Students are not permitted to enrol in a language course below one that they have already successfully completed, except with permission of the language and/or course convenor.
- Translation Assignment 1 (20) [LO 2,3,4]
- Translation Assignment 2 (20) [LO 2,3,4]
- Take-Home Exam (30) [LO 2,3,4]
- Spoken Sanskrit Test (10) [LO 1,3,5,6]
- Weekly Verses (continuous) (10) [LO 1]
- Weekly Exercises (continuous) (10) [LO 2,3,4]
The ANU uses Turnitin to enhance student citation and referencing techniques, and to assess assignment submissions as a component of the University's approach to managing Academic Integrity. While the use of Turnitin is not mandatory, the ANU highly recommends Turnitin is used by both teaching staff and students. For additional information regarding Turnitin please visit the ANU Online website.
This course requires a total of 130 hrs of work on the following activities.
Each week, students are expected to study as follows:
1. 30 minutes on weekly verse: Listen to the paradigm and explanation in the e-text. Practice singing the verse. Upload the audio into Wattle.
2. 30 minutes on Spoken Sanskrit: Listen to the explanation in the e-text. Practice and memorise the forms. Complete the online quiz as required.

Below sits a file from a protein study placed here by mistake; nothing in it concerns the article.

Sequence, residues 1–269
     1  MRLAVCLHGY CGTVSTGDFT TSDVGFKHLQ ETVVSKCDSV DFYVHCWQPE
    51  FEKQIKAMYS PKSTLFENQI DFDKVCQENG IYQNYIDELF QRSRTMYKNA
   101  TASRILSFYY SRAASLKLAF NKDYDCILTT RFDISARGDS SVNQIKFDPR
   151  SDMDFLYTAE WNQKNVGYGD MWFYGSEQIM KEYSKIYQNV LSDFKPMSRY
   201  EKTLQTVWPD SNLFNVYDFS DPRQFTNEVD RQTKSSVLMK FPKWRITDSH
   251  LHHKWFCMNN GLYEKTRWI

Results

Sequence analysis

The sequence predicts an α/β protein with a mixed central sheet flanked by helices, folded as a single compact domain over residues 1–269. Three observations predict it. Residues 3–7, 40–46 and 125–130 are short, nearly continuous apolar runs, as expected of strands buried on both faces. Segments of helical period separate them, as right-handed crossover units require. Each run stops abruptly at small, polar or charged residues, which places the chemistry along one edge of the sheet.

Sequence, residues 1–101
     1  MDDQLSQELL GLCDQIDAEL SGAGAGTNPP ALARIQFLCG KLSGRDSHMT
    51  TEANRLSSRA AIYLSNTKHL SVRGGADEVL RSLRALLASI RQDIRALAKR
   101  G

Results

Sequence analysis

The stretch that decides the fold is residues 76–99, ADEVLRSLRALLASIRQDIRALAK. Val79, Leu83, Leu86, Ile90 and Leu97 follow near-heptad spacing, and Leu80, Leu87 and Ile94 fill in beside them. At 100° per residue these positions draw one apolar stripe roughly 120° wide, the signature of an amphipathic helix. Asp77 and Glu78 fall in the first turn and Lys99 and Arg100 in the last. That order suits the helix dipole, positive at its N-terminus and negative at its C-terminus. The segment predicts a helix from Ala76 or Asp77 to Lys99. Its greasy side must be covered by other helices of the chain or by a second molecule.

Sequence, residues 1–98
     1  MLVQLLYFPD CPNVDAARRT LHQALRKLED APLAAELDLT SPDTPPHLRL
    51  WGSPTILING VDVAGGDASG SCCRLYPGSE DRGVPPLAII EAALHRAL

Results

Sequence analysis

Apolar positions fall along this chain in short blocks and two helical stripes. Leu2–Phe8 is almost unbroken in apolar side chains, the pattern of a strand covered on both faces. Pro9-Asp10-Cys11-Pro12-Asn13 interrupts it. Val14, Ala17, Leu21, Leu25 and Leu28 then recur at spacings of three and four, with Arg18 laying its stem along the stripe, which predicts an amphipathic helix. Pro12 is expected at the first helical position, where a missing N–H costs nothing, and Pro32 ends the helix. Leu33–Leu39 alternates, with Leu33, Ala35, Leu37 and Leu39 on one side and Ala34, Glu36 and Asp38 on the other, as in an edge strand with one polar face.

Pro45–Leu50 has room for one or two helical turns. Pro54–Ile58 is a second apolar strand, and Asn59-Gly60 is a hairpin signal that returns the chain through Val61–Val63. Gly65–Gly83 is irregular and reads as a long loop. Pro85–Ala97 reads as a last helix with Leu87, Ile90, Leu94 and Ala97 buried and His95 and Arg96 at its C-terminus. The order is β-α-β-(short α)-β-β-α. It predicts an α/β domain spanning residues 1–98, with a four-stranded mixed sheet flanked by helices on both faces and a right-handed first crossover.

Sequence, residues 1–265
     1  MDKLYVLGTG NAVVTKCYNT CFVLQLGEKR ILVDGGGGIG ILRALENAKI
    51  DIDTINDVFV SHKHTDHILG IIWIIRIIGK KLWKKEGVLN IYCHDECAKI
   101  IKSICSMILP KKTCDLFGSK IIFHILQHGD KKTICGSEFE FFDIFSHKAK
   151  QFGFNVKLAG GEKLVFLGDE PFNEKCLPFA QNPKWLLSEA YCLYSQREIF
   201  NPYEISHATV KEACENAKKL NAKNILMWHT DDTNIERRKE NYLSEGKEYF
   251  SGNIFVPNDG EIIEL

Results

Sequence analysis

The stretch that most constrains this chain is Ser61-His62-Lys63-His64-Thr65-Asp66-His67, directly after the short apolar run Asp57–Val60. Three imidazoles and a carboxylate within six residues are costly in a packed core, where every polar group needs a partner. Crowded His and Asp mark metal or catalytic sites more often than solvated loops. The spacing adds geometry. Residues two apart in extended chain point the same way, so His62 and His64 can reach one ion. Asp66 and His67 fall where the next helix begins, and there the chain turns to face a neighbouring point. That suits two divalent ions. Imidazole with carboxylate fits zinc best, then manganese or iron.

3. 7 hours on grammar and written Sanskrit: Listen to the explanation and read through the grammar notes in the e-text. Complete the written exercises and self-correct your work. Upload your work into Wattle.
4. 2 hours participating in one online class.
Requisite and Incompatibility
The Joy of Sanskrit - https://press.anu.edu.au/publications/joy-sanskrit
T. Egenes, Introduction to Sanskrit, Vols 1 and 2 (2nd edition or later)
A. Ruppel, The Cambridge Introduction to Sanskrit
Tuition fees are for the academic year indicated at the top of the page.
Commonwealth Support (CSP) Students
If you have been offered a Commonwealth supported place, your fees are set by the Australian Government for each course. At ANU 1 EFTSL is 48 units (normally 8 x 6-unit courses). More information about your student contribution amount for each course at Fees.
- Student Contribution Band:
- Unit value:
- 6 units
If you are a domestic graduate coursework student with a Domestic Tuition Fee (DTF) place or international student you will be required to pay course tuition fees (see below). Course tuition fees are indexed annually. Further information for domestic and international students about tuition and other fees can be found at Fees.
Where there is a unit range displayed for this course, not all unit options below may be available.
Offerings, Dates and Class Summary Links
ANU utilises MyTimetable to enable students to view the timetable for their enrolled courses, browse, then self-allocate to small teaching activities / tutorials so they can better plan their time. Find out more on the Timetable webpage.
Class summaries, if available, can be accessed by clicking on the View link for the relevant class number.
|Class number||Class start date||Last day to enrol||Census date||Class end date||Mode Of Delivery||Class Summary|
|2137||21 Feb 2022||28 Feb 2022||31 Mar 2022||27 May 2022||Online or In Person||N/A|
|2668||21 Feb 2022||28 Feb 2022||31 Mar 2022||27 May 2022||Online||N/A|
|3974||21 Feb 2022||28 Feb 2022||31 Mar 2022||27 May 2022||Online||N/A|